Often we feel like we are experiencing midas hadin. However, when we look deeper we can see the tremendous midas harachmim of Hashem amidst the midas hadin. This, in turn, can bring us to a new heightened level of yirah.







Dvar Halacha


Halachos of Hagbah and Galilah      part 2



By Rabbi Yochanan Eskenazi



Ramban [Devarim 27:26] writes, that included in the mitzvas lo tza'tzai of "Arur asher lo yakum es divrei haTorah ha'zos la'asos osum" (Accursed is one who will not uphold the words of this Torah to perform them) is someone who performs hagbah and does not show the ke'sav (writing) to the congregation.  The Shulchan Aruch [134:2] rules like the Ramban that the mag'beah is required to show the writing of the Torah to the congregation standing to his right and to his left, and he should turn in front of him and behind him.  This mitzvah to see the ke'sav of the Torah applies to both men and women (Shulchan Aruch 134:2).  The Mishneh Berurah [88:7] rules that a woman who is a niddah should not look at the Torah during hagbah.



After one has lifted the Torah into the air, he should start turning towards his right side (Mishneh Berurah 134:9).  Lefties should also turn towards the right (Hilchos Itar Yad pg. 24).  There  are differing opinions whether it is preferable to first turn to the right and then turn back to the left (Shu"T Mishneh Halachos 11:150), or should one turn towards the right and then continue to make a full circle (Shu"T Shevet Halevi 9:26).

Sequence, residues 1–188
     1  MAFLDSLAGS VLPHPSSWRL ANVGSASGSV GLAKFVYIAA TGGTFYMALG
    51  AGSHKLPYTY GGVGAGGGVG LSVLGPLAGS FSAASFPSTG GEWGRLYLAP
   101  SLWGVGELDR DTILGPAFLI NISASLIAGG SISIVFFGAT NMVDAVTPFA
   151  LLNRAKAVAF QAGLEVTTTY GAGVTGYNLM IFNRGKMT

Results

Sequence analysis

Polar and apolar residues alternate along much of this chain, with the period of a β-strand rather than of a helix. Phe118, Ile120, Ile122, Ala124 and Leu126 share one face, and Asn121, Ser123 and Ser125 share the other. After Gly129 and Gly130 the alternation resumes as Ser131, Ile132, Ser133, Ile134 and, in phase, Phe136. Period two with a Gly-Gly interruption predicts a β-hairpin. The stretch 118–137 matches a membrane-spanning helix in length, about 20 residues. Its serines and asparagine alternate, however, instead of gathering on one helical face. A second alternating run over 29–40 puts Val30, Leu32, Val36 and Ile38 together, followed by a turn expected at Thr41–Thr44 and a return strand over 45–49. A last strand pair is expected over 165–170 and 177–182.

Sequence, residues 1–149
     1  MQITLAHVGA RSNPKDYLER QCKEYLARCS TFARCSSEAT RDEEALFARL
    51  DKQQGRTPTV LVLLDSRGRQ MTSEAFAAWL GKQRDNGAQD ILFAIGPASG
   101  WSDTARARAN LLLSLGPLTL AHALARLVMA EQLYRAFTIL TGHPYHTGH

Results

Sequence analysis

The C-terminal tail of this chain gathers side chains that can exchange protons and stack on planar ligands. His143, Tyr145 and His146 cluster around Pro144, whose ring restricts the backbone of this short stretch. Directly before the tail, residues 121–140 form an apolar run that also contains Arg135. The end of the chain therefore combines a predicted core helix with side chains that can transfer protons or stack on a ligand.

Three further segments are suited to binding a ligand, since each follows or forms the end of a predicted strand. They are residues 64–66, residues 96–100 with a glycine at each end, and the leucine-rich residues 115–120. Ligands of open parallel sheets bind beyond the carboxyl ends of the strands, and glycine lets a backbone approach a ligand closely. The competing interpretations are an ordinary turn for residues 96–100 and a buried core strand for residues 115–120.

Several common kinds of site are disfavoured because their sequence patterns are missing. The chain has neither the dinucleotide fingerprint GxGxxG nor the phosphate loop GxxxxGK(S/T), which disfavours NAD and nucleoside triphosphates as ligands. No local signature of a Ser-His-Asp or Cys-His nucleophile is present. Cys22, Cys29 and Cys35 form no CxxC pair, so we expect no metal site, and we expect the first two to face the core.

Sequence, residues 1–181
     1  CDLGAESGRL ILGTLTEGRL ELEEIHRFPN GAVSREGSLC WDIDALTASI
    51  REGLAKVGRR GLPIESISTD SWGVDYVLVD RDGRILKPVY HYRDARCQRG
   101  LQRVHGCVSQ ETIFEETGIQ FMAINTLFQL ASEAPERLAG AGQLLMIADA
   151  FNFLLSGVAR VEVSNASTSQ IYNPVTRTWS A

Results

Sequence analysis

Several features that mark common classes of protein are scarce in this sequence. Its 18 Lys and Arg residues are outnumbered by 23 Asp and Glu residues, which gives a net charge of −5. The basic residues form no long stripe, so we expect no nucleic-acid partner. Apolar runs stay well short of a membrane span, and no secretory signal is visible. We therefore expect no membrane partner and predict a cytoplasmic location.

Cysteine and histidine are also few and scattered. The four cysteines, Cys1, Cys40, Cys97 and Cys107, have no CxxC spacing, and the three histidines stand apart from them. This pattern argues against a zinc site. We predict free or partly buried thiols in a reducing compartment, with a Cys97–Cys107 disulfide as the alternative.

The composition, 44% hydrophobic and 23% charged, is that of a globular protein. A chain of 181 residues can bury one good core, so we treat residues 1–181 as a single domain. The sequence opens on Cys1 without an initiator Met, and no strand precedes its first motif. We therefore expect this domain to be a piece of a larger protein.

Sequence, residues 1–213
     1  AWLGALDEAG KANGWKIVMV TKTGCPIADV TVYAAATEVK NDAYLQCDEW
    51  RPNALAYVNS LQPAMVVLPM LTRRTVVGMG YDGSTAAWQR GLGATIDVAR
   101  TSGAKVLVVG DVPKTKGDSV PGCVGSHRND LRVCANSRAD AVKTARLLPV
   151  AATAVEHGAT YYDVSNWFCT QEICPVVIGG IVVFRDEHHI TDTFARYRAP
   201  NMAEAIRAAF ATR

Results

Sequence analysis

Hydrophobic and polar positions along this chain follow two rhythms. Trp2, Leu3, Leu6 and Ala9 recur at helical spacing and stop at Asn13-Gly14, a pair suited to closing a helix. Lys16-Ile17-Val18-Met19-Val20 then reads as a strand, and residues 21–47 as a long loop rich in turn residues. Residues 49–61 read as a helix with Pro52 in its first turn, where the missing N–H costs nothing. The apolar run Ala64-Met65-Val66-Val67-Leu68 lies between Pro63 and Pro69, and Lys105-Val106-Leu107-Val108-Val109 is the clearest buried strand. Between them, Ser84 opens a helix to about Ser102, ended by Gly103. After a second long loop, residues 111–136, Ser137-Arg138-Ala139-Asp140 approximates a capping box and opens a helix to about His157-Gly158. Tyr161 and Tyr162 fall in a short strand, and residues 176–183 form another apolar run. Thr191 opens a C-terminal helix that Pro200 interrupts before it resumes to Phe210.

The Magen Avraham [134:3] writes, one should attempt to have [at least] 3 columns of the Sefer Torah visible.  The Mishneh Beruruah [134:8] rules this depends on how strong the person performing hagbah is.  There is a machlokes whether one must show from the reading of the Torah portion that was just read or not.  Either way seems fine (Halachically Speaking 2:pg 181).



There is a Kabbalistic idea that whoever gazes at the letters of the Sefer Torah properly will merit an ohr gadol (great light) (Magan Avrahama 134:3, Aruch Hashulchan 134:3, Mishneh Berurah 134:11).  The Mishneh Berurah explains that this means someone should be close enough to read the actual letters.  The Kaf Hachaim [134:13] adds from the Ben Ish Chai one should look at the letter that is the first letter in his name (e.g. if his name is Avraham he should look at the letter "Alef").


During hagbah, the congregation should say "V'zos hatorah asher sum Moshe lifnei bnei yisroel al pi Hashem b'yad Moshe" (Shulchan Aruch 134:2).  The Aruch Hashulchan [134:3] questions this minhag, because these are really parts of 2 separate pesukim [see Devarim 4:44 & Bamidbar 9:23].  However, the minhag seems to be to say these pesukim.



It is important to note, that one should only say these pesukim when one sees the actual k'sav (Mishneh Berurah 134:12).  The implication of the Mishneh Berurah is that in a situation where one cannot see the actual k'sav, he should not say these pesukim, even though he sees the Torah being lifted (Also see Shu"T Rivivos Ephraim 5:602:4 who paskins this way).



The congregation is required to stand during hagbah (Shaar Hatziyon 146:18) from the time the Sefer Torah is lifted off the bimah until the mag'biah has sat down (Halachically Speaking 2:pg. 183 quoting Shu"T Maharam Shik OC 65).  If one is already sitting and holding a Sefer Torah, he is not required to stand for a different hagbah (Halachically Speaking 2:pg. 183 & Piskei Teshuvos 134:ftnt. 30 quoting Shu"T Kinyan Torah 5:16).



After one has performed hagbah, one should hold the Torah in his right hand (Rama 134:2).  This applies to both righties and lefties (Mishneh Berurah 282:1 & 134:13).  If a left handed person is afraid he will drop the Torah if it remains in his weaker hand, he should hold it in his left (Hilchos Itar Yad pg. 24).